In 2010, A&E brought us Teach, which featured actor Tony Danza teaching English at a Philadelphia high school. Danza went on to write a book, aptly titled I’d Like to Apologize to Every Teacher I Ever Had: My Year as a Rookie Teacher at Northeast High.
Now we have Dream School, which premiered last week on cable TV. Celebrity chef Jamie Oliver and rapper 50 Cent produce this show that follows celebrity attempts to teach 15 teenagers who have either dropped out or been expelled from school.
The celebrity teachers’ mission is “to excite these young minds, reignite their passions, and get them to graduate from a real, accredited high school,” according to the show’s publicists.
The show’s real-life dropouts have all faced challenges familiar to anyone in urban education: teen pregnancy, bullying, drug addiction, a dying family member. They have come to Dream School for what the show’s publicists call a “last chance” to graduate high school.
What groundbreaking tactics do the intrepid celebrity teachers bring to the classroom? Well, for starters, 50 Cent kicks off the first day of homeroom by, brace yourselves, asking the students to suggest classroom rules.
“In a traditional school, these students would just be expected to follow the rules,” says Dream School’s principal (who off-screen is the superintendent of a suburban school system in California). “But here, we want to empower and motivate each and every kid to be part of the process.”
Did you hear that, you teachers in “traditional” schools? Is it possible that you somehow missed that you’re supposed to empower and motivate your students?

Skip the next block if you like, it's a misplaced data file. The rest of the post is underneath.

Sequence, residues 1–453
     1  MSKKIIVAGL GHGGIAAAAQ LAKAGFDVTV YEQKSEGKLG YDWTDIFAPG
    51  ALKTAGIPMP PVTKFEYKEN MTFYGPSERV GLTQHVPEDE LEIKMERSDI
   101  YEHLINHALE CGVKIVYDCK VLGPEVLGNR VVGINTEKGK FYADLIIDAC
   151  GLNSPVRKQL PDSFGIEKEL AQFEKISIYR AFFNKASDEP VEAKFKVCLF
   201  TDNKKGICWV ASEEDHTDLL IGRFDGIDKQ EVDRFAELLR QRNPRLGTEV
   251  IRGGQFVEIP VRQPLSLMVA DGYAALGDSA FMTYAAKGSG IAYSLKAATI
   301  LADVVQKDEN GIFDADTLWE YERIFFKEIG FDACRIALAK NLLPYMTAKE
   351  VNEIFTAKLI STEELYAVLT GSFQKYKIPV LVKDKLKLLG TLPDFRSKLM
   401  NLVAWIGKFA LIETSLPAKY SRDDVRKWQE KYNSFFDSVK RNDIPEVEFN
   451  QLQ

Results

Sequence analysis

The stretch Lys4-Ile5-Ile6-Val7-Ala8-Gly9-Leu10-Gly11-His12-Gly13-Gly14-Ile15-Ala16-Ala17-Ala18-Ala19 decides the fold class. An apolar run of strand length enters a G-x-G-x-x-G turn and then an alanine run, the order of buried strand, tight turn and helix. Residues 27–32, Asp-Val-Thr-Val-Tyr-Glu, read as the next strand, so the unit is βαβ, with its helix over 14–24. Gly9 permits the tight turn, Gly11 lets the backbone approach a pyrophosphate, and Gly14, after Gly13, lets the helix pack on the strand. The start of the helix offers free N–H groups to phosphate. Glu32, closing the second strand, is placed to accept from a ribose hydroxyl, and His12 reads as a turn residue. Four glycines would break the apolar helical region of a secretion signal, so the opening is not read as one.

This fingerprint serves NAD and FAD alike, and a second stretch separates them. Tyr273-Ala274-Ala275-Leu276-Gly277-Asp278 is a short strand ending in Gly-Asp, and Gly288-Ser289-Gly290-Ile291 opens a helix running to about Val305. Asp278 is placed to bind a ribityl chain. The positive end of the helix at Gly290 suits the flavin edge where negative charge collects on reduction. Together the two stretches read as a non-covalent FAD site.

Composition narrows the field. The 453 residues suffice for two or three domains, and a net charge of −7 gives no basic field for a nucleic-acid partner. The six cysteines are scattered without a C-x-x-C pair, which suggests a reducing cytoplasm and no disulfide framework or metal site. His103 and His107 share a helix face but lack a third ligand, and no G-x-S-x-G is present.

Oliver Stone is the history teacher, and if you think of every approach you would not use for reaching your most disengaged students, you’ll get a sense of Stone’s instructional strategies. He drones on while the camera zooms in on the clock ticking and students falling asleep at their desks. “This is a great example for folks coming in: Teaching is hard,” observes the principal.
Teaching is hard – but this show seems to us at Edwize like a shameful gimmick that’s disrespectful to both teachers and high-risk students. Can you imagine the outcry if we had a show, Dream Courtroom, where non-credentialed celebrities represented defendants in their “last chance” to avoid prison? Or Dream Hospital, where celebrities acting as doctors became their patients’ “last chance”…literally?
What do you think? Does Dream School reinforce the public’s misunderstanding of what makes a good teacher? Or, could the show have a positive impact by showing that teaching is not as easy as some may think?